A total of 4 US Navy ships have borne the name, Alligator, and the one we are discussing was built in 1862, the first US Navy submarine. (The famous Turtle of the American Revolution was built before there was a US Navy or a United States, for that matter.) Gators are big, nasty, and dangerous, a fitting description for a ship of war. All 4 of the USN Alligators were ships of the 19th Century, which is a shame because this is a great name for a ship that can attack above or below the water (submarine) like a real alligator, or an amphibious ship designed to land Marines on a beach. USS Alligator was a small submarine compared to today’s leviathans, only 47 feet long and 4 feet 6 inches in diameter, made of iron and equipped with small, circular glass windows. She was powered by her crew of 12 turning a hand powered crank to drive a rear mounted propeller, giving the sub a submerged speed of 4 knots, an improvement over the original paddle powered design. This innovative vessel was built with multiple watertight chambers despite her small size, and air was supplied via 2 hoses attached to floats that would bob along the surface of the water. The method of attack used by Alligator was to have a diver leave the sub while submerged, taking a naval mine with him and attaching it to an enemy vessel, then returning to the Alligator. Thus, Alligator was the first submarine designed for the underwater deployment and recovery of divers. The mines would be detonated by electric means from inside the Alligator via copper wires leading from a battery on the sub to the mine. The US Navy demanded the sub be ready for trials only 40 days after the contract was accepted! Reality took over, and it was to be 180 days before the Alligator was launched. The novelty of having a submarine available with no appropriate tactics developed caused numerous abortive attempts to use the Alligator in combat, and prior to ever being used in anger the sub was lost in a storm while being towed to South Carolina to attack Charleston Harbor in April of 1863.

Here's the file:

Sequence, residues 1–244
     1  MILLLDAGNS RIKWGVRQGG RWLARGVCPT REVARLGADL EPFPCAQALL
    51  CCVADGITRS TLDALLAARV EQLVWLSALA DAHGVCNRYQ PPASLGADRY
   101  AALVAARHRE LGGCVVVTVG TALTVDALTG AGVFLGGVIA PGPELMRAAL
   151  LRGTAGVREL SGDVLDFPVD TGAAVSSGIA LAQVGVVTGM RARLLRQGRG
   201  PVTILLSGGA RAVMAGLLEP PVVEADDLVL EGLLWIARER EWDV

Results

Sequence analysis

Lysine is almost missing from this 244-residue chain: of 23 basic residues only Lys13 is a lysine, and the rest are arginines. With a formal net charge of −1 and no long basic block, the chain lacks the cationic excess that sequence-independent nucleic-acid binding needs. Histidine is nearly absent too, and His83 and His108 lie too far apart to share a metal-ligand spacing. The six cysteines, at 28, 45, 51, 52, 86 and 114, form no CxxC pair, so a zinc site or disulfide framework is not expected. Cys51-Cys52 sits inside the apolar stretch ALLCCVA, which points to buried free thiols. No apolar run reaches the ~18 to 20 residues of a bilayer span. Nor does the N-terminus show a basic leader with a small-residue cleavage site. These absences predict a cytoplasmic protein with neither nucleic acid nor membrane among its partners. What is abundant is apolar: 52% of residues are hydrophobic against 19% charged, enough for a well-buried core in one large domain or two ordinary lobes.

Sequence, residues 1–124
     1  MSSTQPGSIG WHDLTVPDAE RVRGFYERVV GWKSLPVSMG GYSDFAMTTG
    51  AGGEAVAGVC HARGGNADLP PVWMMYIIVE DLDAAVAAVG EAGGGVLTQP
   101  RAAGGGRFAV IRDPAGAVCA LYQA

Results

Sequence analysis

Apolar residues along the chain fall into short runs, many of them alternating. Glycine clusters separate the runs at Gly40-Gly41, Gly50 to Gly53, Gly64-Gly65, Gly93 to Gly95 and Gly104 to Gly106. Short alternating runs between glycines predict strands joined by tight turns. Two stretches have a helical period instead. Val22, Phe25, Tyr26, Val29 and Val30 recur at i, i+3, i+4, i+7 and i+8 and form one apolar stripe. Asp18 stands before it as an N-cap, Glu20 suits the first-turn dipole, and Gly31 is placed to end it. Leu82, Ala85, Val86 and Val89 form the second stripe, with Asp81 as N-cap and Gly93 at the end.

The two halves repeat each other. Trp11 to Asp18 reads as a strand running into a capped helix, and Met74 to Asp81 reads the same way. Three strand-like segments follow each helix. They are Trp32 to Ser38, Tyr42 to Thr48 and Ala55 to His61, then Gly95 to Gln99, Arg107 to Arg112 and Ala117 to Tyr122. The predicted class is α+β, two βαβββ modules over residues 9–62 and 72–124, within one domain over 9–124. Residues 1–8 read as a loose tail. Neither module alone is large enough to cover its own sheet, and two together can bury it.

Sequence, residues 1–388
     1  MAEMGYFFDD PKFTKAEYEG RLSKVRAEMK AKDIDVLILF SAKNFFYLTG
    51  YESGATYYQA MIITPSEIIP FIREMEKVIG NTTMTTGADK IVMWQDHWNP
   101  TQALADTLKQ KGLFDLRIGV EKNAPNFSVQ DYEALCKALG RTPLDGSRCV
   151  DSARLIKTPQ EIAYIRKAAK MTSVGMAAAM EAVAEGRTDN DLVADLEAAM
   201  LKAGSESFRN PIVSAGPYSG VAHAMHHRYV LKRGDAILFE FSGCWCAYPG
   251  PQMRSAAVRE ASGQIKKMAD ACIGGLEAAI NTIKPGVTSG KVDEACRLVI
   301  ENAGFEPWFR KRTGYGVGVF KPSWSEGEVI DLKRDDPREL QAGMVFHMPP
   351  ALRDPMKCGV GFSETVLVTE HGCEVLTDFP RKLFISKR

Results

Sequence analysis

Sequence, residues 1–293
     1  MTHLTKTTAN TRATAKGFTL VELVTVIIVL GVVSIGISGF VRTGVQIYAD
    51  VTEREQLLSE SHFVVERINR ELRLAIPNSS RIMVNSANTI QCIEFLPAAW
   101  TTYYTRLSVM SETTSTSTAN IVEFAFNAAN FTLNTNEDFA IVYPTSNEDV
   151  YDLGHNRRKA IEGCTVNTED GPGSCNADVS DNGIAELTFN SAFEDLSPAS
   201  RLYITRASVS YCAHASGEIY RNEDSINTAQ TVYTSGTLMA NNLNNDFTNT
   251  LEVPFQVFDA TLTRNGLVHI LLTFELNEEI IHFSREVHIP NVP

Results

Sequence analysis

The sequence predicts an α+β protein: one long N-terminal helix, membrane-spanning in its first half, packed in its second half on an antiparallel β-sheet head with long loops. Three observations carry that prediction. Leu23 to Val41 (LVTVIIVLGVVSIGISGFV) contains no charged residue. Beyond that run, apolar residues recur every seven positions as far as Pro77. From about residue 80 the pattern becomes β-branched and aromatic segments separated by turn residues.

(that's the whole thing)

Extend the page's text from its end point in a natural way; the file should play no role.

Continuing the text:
10. Bass-ette Hound.